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Playing this year as Saturday night headliners in one of Tallinn’s more salubrious venues, Erinevate Tubade Klubi (fitted out to look and feel like an authentic 1970’s Brooklyn Discoteque), they put in a sensational performance of raw smoking hot funk. If you need a second invitation to check them out look up the track ‘Beef Grinder’ on YouTube for a sample flavour of Estonian Funk at it’s finest.

Högni

In his native Iceland Högni Egilsson is one of the most respected singers and songwriters, having been a member of both GusGus and Hjaltalín.

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At TMW he showcased his solo work. Songs such as the hauntingly beautifil Paradísarmissir took us and the rest of the mesmerised audience on a journey of serenity and moving contemplation.

Põhja Konn

Põhja Konn (translated directly from Estonian means Northern Frog) can be described as many things; but to listen to their eponymous album you’d think old school prog rock. Witnessing and listening live at a festival like Tallinn Music Week  is an altogether different experience – one that gives real insight into their masterful understanding of all things jazz, classical, rock, funk and pop.

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There’s few live acts we’ve seen at places like Glastonbury, Green Man etc on the biggest stages, that can enchant an audience as much as Põhja Konn. We’d hazard a guess that if lyrically they would turn their backs on their loyal Estonian heritage, and write some material for a wider audience, they’d be filling festival stages across Europe and beyond.

Other highlights included…

Cari Cari

Cari Cari want to have their music featured in a Quentin Tarantino movie. So says their charismatic guitarist Alexander Kock. We managed to catch them perform twice at Tallinn Music Week this year and on both occasions it seemed a pity that the legendary American movie Director was not there to take heed.

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A two-piece act from Austria, the male / female duo played two very different sets albeit with the same set list. The first, a juxtapositioned short gig set in a shopping mall storefront, was a grungey, tribal, foot-stomping affair accompanied by Jew’s Harp and a Didgeridoo. The second was a evening slot in Tallinn Old Town, at a venue more appropriate for their whiskey soaked, bluesy anthems. Comparisons with The White Stripes, The XX and The Kills are inevitable. If they continue on their current upward trajectory it would seem a soundtrack berth on the next Tarantino flick will also become inevitable.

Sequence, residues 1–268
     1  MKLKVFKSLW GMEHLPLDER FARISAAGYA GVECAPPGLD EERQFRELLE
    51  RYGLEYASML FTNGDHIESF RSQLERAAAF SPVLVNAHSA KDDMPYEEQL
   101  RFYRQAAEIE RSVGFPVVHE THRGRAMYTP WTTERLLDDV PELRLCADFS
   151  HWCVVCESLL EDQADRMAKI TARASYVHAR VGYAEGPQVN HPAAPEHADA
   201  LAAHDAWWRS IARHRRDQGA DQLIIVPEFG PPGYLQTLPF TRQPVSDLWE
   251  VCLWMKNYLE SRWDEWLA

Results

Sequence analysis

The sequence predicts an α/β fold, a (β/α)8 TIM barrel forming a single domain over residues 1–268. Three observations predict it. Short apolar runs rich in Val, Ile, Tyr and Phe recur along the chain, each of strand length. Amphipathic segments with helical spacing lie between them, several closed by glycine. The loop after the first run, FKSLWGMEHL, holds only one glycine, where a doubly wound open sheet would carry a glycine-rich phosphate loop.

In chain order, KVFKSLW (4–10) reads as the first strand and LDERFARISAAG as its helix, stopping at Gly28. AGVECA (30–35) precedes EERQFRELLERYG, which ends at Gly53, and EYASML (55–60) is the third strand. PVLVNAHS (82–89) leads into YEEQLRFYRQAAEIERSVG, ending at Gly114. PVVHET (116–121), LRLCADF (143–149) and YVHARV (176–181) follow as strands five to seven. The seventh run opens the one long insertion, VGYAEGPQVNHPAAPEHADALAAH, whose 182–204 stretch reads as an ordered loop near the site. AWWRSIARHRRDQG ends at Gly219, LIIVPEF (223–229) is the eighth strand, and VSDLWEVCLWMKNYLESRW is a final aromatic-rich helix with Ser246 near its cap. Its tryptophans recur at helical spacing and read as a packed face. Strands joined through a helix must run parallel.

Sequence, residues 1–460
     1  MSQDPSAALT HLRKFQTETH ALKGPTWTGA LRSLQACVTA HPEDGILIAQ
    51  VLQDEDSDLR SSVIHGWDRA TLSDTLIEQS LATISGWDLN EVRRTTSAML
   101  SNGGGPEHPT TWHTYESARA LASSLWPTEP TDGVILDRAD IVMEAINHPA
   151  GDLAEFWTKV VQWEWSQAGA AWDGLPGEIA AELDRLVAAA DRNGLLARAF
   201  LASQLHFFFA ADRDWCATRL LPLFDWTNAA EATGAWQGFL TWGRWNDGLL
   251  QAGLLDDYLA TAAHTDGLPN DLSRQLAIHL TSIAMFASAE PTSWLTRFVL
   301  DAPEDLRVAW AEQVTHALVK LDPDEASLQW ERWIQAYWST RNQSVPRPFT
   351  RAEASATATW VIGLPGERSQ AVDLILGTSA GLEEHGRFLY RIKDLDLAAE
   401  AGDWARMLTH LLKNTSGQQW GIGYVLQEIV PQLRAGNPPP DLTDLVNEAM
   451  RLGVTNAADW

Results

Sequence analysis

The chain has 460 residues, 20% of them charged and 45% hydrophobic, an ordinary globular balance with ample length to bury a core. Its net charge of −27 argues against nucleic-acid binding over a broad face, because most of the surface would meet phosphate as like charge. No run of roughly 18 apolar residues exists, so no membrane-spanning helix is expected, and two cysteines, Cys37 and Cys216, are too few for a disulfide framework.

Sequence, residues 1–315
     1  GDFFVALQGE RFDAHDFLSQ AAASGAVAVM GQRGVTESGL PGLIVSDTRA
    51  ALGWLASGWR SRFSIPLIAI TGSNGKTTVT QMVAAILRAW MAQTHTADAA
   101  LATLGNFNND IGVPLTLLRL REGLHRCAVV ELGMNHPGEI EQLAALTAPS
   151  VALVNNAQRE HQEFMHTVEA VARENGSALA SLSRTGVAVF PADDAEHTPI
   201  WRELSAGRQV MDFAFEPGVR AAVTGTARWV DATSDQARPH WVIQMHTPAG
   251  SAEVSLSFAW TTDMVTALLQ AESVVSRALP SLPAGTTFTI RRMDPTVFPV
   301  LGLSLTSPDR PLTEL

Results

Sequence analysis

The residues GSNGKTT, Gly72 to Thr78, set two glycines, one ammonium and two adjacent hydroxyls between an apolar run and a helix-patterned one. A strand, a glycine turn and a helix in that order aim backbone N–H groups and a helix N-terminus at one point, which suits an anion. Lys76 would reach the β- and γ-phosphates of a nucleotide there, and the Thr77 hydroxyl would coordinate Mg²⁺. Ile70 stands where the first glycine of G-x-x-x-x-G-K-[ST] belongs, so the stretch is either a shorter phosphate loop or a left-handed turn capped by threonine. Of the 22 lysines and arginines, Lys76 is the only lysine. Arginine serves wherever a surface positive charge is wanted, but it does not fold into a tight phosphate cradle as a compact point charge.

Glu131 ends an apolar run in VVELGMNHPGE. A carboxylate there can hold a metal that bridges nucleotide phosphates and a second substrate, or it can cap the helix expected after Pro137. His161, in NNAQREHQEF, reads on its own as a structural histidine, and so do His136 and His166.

D/troit

Having to follow arguably the most exhilarating act of the weekend Lexsoul Dancemachine, it seemed D/troit had their work cut out. The electricity in the crowd was tangible and people were in the mood to party. D/troit were able to keep the party swinging with their timeless soul style, that brought Saturday night’s live music to a close.

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Once upon a time an obscure Garage band, the Danish group have today found their calling as one of Scandinavia’s finest soul music acts. Craig Charles recently labelled D/troit his favourite new band, playing their music on both his radio 2 and 6 shows. From where we are sitting, D/troit come across as the most under rated and effortlessly cool soul band since The Heavy.

Special Mentions…

Kalàscima

Kalàscima hail from Salento in Italy. In their local dialect their name is a combination of the words for good and evil.

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And, just like the battle between good and evil in all our favourite books and movies, their music is a tussle between the traditional folk of the region and modern electronic sounds. These collide, thankfully harmoniously, into an unforgettable music experience.

Púr Múdd

If you wanted to encapsulate the look and feel of Estonia’s youth today Tallinn Music Week, you would have had need to look no further than Púr Múdd.

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Their modern and almost gritty electronic pop sound echoes a nation at the cutting edge of modern technology (Estonia refers to itself as e-Estonia), and a determined start up culture that sees its youth striding towards a bright future.

Trad Attack!

If someone were to say to you “We are going to see an Estonian folk band, there will be bagpipes, a jewish harp and such like” you have an immediate expectation. A nice pleasant sound, perhaps traditional costumes and dancing, lovely!!

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What you get is folk that slaps you across the face with its vibrancy and currentness. It’s no wonder that Trad Attack! are playing at festivals around the world.

The Toasters

Ska pioneers The Toasters are a well-known act to many. The seasoned performers first came together in 1981, and despite performing over 6000 shows in their career, it was their very first time in Estonia.

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Luckily, the Tallinn Music Week crowd weren’t disappointed by the wait and thoroughly enjoyed the feast of musical enthusiasm that was served up.

Words by Marc Argent and Mark Taylor.

Pictures by Marc Argent and Tallinn Music Week.